Marshland

Introduction
Marshland is the surprising home to a restaurant that has been a local favorite for fish and seafood for a century and a half.

Arriving in Town
If you got lost in Centerville, don’t worry; Marshland has only road you need concern yourself with, and it’s the one you are on (State Highway 35).

History
Marshland began as a railroad town, its growth fueled by the commerce generated from two rail lines and its proximity to the railroad bridge to Winona; fish and fur were two items that shipped in large quantities. The town’s name rightly suggests that the area once had extensive marshes, but these were drained in the early 1900s. During Prohibition, the Marshland Hotel was an important supply station for bootleggers; local folks made the alcohol that the bootleggers sold. Like the marshes, the town’s population has been drained away and today Marshland is a small, unincorporated community.

Marshland is included in these products:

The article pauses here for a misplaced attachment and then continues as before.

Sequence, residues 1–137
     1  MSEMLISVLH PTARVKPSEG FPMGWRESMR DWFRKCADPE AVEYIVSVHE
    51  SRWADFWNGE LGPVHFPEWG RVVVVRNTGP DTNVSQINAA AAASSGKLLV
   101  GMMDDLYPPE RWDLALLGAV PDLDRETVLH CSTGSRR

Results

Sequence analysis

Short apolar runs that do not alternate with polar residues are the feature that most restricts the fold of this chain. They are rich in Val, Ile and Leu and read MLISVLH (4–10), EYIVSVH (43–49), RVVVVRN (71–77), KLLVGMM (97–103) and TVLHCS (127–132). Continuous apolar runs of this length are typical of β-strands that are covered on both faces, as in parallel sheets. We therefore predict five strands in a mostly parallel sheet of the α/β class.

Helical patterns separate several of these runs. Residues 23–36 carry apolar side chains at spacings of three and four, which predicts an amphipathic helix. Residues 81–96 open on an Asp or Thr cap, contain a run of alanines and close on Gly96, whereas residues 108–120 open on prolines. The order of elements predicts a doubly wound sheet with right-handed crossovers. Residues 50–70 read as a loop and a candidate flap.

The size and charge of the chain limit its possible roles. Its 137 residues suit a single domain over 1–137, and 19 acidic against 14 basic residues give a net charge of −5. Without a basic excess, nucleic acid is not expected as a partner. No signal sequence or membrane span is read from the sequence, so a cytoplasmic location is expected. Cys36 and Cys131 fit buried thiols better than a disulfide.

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Eating
The Hillside Fish House (W124 State Highway 35; 608.687.6141) offers consistently good, if unspectacular, fish and seafood entrées in an unlikely rural location far from the salty seas. The restaurant opened in 1855 as the Marshland Hotel to serve railroad workers and passengers when Marshland was a (relatively) important junction. In 1900, the new owners renamed it the Hillside Tavern and ran it for nearly a century. The fish tradition began when local Native Americans brought in freshly-caught fish to trade for goods. Among the fish and seafood entrées, walleye is a popular choice. Consider a combo meal, opting for the modest cod and shrimp or scallops or the luxurious New York Strip with lobster tail; reservations are a good idea on weekend nights.

Heading upriver? Check out Bluff Siding.

Heading downriver? Check out Centerville.

© Dean Klinkenberg, 2011

By | 2016-10-21T15:29:10+00:00 January 16th, 2011|Wisconsin|0 Comments

About the Author:

Dean Klinkenberg, the Mississippi Valley Traveler, is on a mission to explore the rich history, diverse cultures, and varied ecosystems of the Mississippi River Valley, from the Headwaters in northern Minnesota to the Gulf of Mexico. He is the author of Rock Island Lines, a mystery, and several guidebooks for the Mississippi Valley.

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